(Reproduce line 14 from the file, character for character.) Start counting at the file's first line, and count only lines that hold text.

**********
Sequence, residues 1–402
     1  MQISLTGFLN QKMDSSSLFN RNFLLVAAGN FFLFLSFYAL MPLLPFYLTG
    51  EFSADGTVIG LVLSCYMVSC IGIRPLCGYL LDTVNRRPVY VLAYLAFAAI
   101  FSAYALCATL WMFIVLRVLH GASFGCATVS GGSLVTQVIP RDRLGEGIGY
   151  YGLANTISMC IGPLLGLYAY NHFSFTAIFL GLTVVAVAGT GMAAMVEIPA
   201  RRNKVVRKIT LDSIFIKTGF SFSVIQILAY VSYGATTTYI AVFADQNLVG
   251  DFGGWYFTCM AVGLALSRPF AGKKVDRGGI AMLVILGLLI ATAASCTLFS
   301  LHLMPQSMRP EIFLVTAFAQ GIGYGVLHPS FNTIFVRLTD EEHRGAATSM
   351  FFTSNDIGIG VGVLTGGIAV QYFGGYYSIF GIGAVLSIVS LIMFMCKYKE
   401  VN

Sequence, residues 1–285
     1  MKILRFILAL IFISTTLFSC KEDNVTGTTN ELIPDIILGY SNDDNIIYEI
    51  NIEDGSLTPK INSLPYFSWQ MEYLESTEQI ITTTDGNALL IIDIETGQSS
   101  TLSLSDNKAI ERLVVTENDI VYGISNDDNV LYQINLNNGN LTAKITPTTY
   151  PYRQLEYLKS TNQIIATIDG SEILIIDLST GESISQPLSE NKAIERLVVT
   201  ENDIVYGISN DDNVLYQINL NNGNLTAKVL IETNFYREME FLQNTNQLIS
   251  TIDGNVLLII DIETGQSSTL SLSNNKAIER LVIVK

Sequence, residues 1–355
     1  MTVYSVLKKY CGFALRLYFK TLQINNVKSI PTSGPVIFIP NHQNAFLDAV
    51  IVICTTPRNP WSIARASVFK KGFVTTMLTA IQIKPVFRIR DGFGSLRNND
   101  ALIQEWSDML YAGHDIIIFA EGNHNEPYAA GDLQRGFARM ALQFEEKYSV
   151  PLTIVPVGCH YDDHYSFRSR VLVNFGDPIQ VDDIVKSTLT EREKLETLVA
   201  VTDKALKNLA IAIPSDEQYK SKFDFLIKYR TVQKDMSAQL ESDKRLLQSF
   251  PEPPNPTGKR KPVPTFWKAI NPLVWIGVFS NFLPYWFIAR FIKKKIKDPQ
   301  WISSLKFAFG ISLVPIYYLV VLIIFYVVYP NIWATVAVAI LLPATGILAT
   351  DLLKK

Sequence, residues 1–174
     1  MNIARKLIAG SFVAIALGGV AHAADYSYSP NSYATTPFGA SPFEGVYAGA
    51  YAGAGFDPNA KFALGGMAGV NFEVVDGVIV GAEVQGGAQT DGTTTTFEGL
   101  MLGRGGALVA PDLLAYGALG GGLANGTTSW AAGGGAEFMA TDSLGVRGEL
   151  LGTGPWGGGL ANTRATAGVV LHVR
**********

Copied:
   101  TLSLSDNKAI ERLVVTENDI VYGISNDDNV LYQINLNNGN LTAKITPTTY